MIT Dr. Martin Luther King Jr. Visiting Professor and Scholar Program
MLK Professors and Scholars 2009-2010 Profiles

Donal Fox, MLK Visiting Scholar, Music and Theater Arts

John Harkless, MLK Visiting Professor, Chemistry

Ray O'Neal, MLK Visiting Professor, Physics

Steward Pickett, MLK Visiting Professor, Urban Studies and Planning

Ricardo Pitts-Wiley, MLK Visiting Scholar, Literature

Quayshawn Spencer, MLK Visiting Professor, Philosophy

Latanya Sweeney, MLK Visiting Professor, Electrical Engineering and Computer Science

Note, no profile available for Carl Paris, MLK Visiting Scholar, Women's Studies and School of Humanities, Arts and Social Sciences

Donal Fox is an internationally acclaimed classical jazz composer, improviser and pianist.  He was born in Boston, MA and received early training at the New England Conservatory of Music, and then at Berklee College of Music (Summer, 1968). He received a scholarship to study at the Tanglewood Music Center  in  the Summer of 1969 where he wrote classical music and performed jazz and classical piano in the presence of Leonard Bernstein and Gunther Schuller. As an MLK Visiting Scholar, Prof. Peter Child will serve as Mr. Fox’s faculty mentor. “As Donal testifies, his goal is to revive the tradition of improvisation that characterized the performance of great composers of the past, Bach, Mozart, Liszt, and many others, but that is rare today”.  At MIT, he will teach a new subject, 21M.335 – Musical Improvisation in the Music and Theatre Arts Section.

John Harkless is currently an Associate Professor of Chemistry at Howard University. In 2001, he graduated from the University of California at Berkeley with a Ph.D in Theoretical Chemistry, after which he spent a year as a National Research Council Postdoctoral Researcher in the Computational Chemistry Group at NIST. He received his BS degree in Chemistry and Mathematics from Morehouse College in 1995.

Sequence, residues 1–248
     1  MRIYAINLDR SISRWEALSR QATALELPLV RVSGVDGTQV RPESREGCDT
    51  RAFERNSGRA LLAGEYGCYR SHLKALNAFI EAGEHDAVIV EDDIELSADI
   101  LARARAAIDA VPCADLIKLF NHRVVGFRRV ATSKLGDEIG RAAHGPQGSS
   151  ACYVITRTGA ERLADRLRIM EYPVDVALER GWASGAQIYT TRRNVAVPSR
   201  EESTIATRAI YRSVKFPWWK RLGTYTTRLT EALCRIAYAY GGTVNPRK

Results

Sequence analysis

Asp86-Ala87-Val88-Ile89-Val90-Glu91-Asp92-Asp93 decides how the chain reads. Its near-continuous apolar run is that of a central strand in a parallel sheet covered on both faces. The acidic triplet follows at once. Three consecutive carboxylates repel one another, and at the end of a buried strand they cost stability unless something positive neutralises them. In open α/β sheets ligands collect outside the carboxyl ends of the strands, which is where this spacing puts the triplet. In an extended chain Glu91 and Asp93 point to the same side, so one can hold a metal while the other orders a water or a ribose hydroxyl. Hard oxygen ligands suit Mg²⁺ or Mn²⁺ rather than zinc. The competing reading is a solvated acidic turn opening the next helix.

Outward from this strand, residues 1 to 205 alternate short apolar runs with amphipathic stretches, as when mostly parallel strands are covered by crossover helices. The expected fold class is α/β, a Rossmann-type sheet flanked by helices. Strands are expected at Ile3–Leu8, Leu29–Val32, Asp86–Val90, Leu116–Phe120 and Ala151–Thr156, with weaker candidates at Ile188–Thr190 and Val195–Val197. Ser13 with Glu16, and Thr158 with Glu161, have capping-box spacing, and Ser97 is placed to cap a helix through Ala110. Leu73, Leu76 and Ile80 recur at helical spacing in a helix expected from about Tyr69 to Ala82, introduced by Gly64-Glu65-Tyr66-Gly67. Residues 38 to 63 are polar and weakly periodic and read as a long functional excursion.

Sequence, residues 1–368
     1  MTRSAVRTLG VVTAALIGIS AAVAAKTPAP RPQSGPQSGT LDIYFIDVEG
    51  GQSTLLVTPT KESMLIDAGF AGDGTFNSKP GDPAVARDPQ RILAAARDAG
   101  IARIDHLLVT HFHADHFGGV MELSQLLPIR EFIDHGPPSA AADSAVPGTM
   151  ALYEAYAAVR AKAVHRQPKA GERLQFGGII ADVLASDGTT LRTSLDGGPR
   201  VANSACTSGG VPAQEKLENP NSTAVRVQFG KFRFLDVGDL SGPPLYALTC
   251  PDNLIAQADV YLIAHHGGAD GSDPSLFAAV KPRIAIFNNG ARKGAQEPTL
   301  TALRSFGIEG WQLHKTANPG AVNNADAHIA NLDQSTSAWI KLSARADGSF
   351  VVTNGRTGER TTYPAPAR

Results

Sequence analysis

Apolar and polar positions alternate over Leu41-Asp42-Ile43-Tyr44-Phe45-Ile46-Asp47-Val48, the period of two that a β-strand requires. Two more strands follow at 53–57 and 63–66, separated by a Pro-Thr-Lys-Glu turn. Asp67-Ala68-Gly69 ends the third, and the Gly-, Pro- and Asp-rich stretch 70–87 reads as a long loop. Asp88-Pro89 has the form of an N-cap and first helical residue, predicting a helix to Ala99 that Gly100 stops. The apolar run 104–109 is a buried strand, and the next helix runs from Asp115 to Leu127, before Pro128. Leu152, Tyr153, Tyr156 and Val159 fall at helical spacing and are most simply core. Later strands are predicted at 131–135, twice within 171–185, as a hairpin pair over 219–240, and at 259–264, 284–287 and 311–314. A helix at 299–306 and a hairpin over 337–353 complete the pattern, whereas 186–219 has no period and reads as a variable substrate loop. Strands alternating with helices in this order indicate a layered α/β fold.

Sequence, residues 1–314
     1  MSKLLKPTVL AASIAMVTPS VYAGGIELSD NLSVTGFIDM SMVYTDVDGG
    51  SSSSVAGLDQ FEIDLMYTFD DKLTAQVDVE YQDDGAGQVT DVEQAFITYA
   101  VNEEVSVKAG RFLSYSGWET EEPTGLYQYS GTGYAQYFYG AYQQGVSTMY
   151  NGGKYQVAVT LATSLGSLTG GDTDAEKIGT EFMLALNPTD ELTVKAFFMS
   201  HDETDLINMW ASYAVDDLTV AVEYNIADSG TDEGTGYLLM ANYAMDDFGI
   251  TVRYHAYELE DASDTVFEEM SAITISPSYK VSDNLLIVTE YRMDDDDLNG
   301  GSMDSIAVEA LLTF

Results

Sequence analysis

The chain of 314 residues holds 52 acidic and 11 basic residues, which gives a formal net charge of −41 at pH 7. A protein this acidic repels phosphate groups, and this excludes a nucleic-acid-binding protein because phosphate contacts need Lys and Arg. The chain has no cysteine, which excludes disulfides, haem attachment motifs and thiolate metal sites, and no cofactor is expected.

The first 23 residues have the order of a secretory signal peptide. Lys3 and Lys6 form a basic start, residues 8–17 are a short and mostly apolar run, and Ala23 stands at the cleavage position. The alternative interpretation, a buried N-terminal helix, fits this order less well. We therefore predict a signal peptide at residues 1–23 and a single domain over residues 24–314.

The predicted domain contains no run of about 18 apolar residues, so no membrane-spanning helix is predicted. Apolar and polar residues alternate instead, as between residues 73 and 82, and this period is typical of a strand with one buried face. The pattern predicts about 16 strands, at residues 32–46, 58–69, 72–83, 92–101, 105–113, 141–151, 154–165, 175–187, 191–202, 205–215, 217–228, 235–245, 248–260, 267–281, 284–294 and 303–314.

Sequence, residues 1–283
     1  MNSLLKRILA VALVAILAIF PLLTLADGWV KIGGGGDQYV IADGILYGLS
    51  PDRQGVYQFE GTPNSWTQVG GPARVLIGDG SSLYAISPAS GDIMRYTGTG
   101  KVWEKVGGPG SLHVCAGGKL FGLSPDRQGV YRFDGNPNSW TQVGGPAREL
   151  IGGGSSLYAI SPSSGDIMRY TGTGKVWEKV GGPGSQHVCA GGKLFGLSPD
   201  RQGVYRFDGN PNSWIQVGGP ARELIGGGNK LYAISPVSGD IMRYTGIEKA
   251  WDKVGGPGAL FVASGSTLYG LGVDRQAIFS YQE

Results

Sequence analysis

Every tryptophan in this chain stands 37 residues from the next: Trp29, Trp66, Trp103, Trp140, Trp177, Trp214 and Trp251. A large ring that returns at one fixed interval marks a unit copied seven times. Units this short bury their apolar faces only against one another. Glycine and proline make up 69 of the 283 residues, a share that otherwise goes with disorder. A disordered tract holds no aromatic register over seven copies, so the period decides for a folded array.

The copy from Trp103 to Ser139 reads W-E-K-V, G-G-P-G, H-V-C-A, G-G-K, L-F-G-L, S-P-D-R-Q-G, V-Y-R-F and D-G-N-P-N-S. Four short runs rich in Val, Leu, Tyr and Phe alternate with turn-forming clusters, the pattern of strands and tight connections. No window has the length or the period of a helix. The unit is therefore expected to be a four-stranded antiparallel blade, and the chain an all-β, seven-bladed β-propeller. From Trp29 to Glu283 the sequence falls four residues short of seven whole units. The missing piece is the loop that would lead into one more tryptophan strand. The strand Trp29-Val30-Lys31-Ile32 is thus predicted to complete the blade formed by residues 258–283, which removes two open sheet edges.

While at MIT, as an MLK Visiting Professor, he will continue his research in molecular quantum mechanics working with Prof. Troy Van Voorhis in the Chemistry Department as well as colleagues in the Department of Chemical Engineering in the recruitment and mentoring of underrepresented minorities as well as establishing a local chapter of the (NOBCCHE) National Organization for the Professional Advancement of Black Chemists and Chemical Engineers of which John is currently the Vice President.

Ray O’Neil, Jr. is currently an Associate Professor of Physics at Florida A&M University. He received his Ph.D in Physics at Stanford University in 1995 and his BS in Physics at MIT. While at MIT he will continue to develop high resolution microcalorimeter X-Ray imaging rocket (Micro-X) instrumentation. As an MLK Visiting Professor he will be working with Professor Enectali Figuero-Feliciano in the Physics Department as well as colleagues in the Kavli Institute for Astrophysics and Space Research. In addition, Prof. O’Neal will continue in his efforts to incorporate students from Florida A&M University to work with him on the Micro-X project and will collaborate with Prof. Figueroa-Feliciano to start a Saturday “Open House” where underrepresented students from local high schools and middles schools can go to raise their interests in science, engineering and technology.